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Colour Gamut: Screen vs Print

colour gamut

When it comes to colour, a common frustration is the mismatch between what you see on-screen versus the printed result. Understanding why this is the case, can help you to navigate this issue. GSM compares the RGB colour gamut vs CMYK…

RGB Colour Gamut

To create colour, a device screen uses varying degrees of light, specifically Red, Green, and Blue light (otherwise known as the RGB Colour Mode). More than 16 million colours are possible using RGB—significantly more than what the human eye can distinguish (about a million).

RGB vs CMYK Colour Gamut

Compare this to the CMYK colour mode used in print, which can only produce about 16,000 distinguishable colours. Even if we add another 2,400 Pantone colours—print has a vastly reduced colour spectrum compared to RGB.

Any RGB colour which falls outside the CMYK gamut—will not reproduce accurately. Instead, you will get a ‘nearest’ approximation, which sometimes—is not a close match. To demonstrate this, if you create an Adobe Photoshop file in RGB mode and fill this with RGB Green (#00FF00)— then change the colour mode to CMYK; your green will be completely different. Photoshop has to reinterpret the RGB green into a colour CMYK can achieve—which, whilst still the same hue, is nothing like the original.


From a practical perspective, this problem manifests itself when RGB files or colours are present in print artwork—or—when a designer specifies colour from a screen without sighting a printed example of the colour. The printed colours may differ significantly from the screen versions in either situation.  So, what is the workaround for this problem? Here are some suggestions:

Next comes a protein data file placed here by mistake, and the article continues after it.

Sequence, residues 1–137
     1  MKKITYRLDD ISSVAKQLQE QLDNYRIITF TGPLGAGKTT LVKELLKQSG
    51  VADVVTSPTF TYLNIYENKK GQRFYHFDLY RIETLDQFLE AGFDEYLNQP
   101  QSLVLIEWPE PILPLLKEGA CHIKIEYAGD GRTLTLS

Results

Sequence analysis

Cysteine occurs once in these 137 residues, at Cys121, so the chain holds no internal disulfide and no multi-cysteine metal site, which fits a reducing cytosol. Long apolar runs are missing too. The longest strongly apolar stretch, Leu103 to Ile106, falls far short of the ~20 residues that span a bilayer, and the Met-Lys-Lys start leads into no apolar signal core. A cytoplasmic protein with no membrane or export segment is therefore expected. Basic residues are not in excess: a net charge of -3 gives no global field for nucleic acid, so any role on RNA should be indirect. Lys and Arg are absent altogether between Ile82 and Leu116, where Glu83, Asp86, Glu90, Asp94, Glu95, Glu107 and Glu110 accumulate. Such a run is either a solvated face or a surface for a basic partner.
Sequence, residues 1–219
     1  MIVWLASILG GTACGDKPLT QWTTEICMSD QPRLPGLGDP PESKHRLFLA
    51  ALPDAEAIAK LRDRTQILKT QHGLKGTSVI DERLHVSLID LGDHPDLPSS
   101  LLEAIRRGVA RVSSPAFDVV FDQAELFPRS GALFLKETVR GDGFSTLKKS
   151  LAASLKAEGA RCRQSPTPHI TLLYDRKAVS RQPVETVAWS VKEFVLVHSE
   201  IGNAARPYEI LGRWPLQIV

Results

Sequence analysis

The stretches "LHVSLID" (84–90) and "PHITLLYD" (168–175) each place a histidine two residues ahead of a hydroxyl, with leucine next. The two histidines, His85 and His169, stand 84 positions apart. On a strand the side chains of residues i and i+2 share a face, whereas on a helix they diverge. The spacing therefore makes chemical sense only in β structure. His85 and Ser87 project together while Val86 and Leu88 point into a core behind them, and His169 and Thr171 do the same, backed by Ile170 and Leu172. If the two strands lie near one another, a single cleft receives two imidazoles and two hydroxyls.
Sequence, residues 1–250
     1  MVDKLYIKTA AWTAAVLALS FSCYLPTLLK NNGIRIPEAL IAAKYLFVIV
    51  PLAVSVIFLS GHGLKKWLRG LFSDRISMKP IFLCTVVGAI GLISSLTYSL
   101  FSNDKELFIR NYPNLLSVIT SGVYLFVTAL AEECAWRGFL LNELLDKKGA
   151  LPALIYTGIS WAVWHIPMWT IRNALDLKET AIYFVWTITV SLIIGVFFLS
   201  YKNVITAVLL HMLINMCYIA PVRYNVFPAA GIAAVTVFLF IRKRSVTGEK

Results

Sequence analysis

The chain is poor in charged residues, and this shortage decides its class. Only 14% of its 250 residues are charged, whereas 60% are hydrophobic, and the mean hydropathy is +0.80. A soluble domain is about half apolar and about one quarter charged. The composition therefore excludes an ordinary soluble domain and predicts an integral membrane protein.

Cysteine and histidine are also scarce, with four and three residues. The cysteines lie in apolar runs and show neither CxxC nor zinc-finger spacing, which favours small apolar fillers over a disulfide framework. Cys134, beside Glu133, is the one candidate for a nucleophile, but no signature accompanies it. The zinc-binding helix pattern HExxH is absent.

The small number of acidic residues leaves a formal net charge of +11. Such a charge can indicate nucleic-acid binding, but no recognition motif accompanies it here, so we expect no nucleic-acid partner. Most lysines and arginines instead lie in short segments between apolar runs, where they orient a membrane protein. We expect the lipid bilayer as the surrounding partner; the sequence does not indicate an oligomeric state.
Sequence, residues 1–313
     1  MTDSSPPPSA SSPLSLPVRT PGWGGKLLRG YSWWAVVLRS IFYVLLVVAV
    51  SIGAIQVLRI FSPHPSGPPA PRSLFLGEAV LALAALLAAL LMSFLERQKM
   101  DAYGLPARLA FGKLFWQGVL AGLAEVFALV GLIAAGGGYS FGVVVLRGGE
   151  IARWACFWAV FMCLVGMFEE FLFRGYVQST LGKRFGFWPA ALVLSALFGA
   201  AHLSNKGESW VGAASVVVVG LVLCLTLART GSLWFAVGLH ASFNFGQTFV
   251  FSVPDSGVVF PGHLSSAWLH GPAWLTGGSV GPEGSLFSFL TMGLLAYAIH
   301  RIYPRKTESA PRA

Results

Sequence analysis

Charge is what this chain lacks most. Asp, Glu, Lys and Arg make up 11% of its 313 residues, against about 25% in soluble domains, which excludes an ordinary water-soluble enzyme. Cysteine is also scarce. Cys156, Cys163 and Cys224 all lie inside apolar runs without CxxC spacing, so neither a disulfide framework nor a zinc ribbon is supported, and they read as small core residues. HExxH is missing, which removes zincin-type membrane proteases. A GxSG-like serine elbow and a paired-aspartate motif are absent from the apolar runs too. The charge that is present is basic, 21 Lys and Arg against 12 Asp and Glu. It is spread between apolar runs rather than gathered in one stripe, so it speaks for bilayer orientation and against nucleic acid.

• Firstly, understand that this is not the printers ‘fault’. RGB and CMYK are different colour models. Instead, change how you think about colour when working towards a print outcome.
  • Do not use RGB Mode files or colours for print based projects, including Illustrator graphics or Photoshop images. When working towards print, use CMYK mode files and colours only.
  • When specifying colours for print projects, choose these from a printed source such as the Pantone Bridge Guide or CMYK Colour Guide. The CMYK Colour guide shows thousands of CMYK breakdowns (without equivalent PMS colours). Using these tools to choose colour means the printed outcome will be very close to what you specified.
  • Ask your printer to run a hard copy proof from the final artwork. A printer’s proof is the most accurate method of checking how the colours will print. If the colour on the proof is not what you expect, then you need to fix this before the project runs.
This article was originally published in GSM21. To read this and other great articles purchase this issue here.